Obsession vs. Addiction
Obsessions and addictions are sometimes confused with one another. There are, however, very distinct differences between the two.
A person that is obsessed is dominated by thoughts of the obsession. That obsession can be one of an infinite number of things, such as an activity (like working out), an idea (like everyone is out to get you), or a person (or inanimate object, such as a car). Obsession can also come from a place of fear. Obsessive behaviors can be the result of a person’s fear of something changing, like your belief that your wife is going to leave you so you obsess about her every movement.
Obsession basically brings out thoughts and/or ideas that are continual and consistent, and that can be problematic to everyday living especially when the obsession is all a person can concentrate on. For example, if someone is obsessed with another person then the obsessor will talk about their object of desire whenever, and to whomever, they can. The obsessor will call or text that person a hundred times a day, will plaster hundreds of that person’s pictures on their bedroom walls, and/or will stalk them.
Like many psychological terms, however, obsession has been butchered, making obsession seem closely related to overly passionate. This is so far from the truth. Passion is mostly a positive result of a person’s desire, love, urge, etc. Obsession is beyond that. Way beyond that. When someone suffers from an obsession, they may behave so irrationally that it disrupts their everyday life. Passion has a positive connotation (feeling), whereas obsession should have a negative one.
Generally speaking, passion is a way of finding happiness in whatever you decide to do (passionate about saving the whales). However, obsession is finding happiness AND purpose in just one, single thing. Addiction, on the other hand, is solely dependent on the execution AND dependency on just one single drug or behavior (further defined below).
A person’s well-being can be disruptive with an obsession that their thoughts are consumed by it. Sometimes, however, someone with an obsession can control it; so much so that even the person who knows them best doesn’t know that they suffer from an obsession. For example, a guy who doesn’t know his best friend is obsessed with the guy’s wife, or a person who watches a lot of true crime television is really obsessed with seeing grisly crime scene photos.
Obsession can be diagnosed as a serious mental disorder if it is coupled with compulsive thoughts and behaviors, such as the case with OCD. Obsessive compulsive disorder is a neurological disease that will have their own tab on this website. Generally speaking, it is when someone is riddled with repetitive thoughts and unwanted compulsions that really dominate their everyday lives where they have difficulty functioning in a normal world. Again, that’s another post.
Obsession is a dominance of ideas, desires, daydreams, thoughts, etc. Many psychologists describe obsession as a domination of unreasonable emotions that preoccupy a person’s everyday life, with a disturbing outpour of irrational behavior. To dwell on something or someone unceasingly, to the point where normal living is not possible. Obsession can turn violent, like when a stalker finally breaks out of just voyeurism, or when paranoia turns into madness. However, unlike addiction, an obsession can be controlled or go unnoticed or unknown. We also have to understand that obsessions do not generally lead to addictions.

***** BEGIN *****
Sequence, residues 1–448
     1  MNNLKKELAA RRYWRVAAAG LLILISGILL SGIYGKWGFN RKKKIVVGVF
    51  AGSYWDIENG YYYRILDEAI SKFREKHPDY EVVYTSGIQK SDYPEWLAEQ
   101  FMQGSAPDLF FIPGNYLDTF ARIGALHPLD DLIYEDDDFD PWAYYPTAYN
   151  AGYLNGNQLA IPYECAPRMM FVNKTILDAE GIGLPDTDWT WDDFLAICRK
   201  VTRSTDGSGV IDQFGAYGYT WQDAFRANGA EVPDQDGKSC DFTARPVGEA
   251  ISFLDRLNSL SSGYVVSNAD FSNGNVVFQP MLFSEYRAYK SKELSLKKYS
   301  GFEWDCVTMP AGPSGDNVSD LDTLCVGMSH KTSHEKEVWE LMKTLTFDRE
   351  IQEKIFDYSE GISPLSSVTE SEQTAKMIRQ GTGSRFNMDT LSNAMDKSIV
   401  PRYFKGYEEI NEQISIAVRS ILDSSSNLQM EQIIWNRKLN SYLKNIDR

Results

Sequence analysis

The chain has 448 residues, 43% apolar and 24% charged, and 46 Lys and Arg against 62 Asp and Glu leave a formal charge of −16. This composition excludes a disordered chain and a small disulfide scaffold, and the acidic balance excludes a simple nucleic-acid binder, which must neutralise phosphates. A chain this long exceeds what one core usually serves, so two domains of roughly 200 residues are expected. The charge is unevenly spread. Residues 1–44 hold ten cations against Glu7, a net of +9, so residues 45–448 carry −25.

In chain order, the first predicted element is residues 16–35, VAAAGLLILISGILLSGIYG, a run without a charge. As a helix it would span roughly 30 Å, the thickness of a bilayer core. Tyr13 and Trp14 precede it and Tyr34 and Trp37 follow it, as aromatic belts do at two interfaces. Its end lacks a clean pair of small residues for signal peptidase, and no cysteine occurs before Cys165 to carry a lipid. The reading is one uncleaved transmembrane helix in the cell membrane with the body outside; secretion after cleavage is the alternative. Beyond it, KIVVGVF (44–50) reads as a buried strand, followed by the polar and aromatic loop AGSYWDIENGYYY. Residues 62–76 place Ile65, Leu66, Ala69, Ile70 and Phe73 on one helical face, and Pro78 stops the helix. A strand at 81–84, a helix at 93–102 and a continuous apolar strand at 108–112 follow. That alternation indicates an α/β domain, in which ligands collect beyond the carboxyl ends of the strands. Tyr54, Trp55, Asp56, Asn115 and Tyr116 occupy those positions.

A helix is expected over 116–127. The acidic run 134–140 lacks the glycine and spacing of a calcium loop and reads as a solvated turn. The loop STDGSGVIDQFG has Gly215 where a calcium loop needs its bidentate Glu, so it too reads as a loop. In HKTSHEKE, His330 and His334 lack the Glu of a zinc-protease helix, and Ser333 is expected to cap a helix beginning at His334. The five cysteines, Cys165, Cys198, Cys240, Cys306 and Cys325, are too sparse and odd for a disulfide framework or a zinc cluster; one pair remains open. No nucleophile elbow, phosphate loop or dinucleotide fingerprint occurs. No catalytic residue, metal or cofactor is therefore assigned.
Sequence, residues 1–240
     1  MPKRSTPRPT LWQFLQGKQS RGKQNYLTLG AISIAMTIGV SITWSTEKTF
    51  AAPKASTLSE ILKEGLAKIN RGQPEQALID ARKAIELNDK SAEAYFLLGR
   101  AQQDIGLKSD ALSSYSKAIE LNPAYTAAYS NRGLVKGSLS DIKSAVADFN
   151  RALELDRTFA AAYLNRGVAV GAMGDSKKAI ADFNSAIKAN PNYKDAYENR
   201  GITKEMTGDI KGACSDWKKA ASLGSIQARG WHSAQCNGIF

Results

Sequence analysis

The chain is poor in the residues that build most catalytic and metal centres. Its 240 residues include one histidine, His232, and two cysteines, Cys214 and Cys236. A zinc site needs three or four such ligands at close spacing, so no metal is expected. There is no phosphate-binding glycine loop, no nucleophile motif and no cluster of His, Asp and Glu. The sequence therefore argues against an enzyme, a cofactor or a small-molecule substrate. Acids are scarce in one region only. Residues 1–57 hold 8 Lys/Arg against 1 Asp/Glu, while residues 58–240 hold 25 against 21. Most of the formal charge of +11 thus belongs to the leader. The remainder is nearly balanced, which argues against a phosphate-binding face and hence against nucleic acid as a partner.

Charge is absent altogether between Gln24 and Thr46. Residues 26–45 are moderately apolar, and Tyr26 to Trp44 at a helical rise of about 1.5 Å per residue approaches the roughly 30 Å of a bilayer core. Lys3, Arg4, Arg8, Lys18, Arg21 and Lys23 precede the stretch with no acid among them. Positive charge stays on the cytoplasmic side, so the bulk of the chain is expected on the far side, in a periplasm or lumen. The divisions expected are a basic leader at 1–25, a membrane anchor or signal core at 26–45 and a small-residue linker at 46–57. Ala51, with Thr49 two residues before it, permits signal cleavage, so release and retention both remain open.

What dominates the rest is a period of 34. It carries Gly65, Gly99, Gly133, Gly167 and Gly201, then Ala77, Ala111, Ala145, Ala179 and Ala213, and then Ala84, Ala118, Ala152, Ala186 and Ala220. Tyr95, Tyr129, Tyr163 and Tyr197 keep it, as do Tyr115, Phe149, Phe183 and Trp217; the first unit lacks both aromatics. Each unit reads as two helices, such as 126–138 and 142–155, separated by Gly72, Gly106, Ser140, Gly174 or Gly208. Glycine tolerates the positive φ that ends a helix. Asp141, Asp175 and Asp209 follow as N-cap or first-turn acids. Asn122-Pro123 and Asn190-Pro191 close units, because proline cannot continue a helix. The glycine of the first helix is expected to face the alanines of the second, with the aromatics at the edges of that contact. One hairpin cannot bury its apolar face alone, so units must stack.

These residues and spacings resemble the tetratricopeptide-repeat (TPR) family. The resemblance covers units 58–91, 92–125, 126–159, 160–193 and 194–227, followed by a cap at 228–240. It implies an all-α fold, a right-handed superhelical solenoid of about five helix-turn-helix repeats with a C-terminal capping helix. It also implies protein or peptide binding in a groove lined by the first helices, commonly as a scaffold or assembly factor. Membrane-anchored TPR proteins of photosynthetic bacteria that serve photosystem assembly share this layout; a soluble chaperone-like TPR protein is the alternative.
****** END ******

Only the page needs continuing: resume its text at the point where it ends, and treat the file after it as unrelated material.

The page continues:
Harmful and Non-Harmful Obsession
I realize that I need to discuss the difference between harmful and non-harmful obsessions. This is a debatable topic because some psychologists believe that all obsessions are harmful. Let’s look at obsessions that can be odd or even disgusting, but can be considered pretty harmless because the person with the obsession can still be productive; work successfully, have meaningful relationships, and can enjoy other pleasures in life. For example, a person who likes to bathe their cat with their own tongue, or someone who likes the taste of (and drinks) nail polish, or even someone who is aroused by roller coasters so they decide to marry one (yes, all of these are real). These are examples of cases that were seen on a television show a few years back called My Strange Addiction. Now, these behaviors are very strange and obsessive but are they true addictions?
Some people who participate in strange behaviors could be plagued with a mental disease or personality disorder, or they could just like harmless (and odd) behaviors, like dressing up and pretending to be a horse (yes, this is also true). But these are not necessarily addictions. Once addicted to a drug or behavior, that person is no longer enjoying a habit or engaging in a weekend of binging; that addiction becomes a disease.
An obsession can be a fixation that can be odd or irrational, but can also be harmless even though it may not be accepted by the general public. For example, a man who likes to wear women’s underwear under his everyday clothes, or someone who likes to spend a weekend dressing up in an animal costume and having sex with other people who are dressed up in animal costumes (they are called Furries, in case you were wondering). These can be considered obsessive hobbies, but not harmful to those around them, and not an addiction.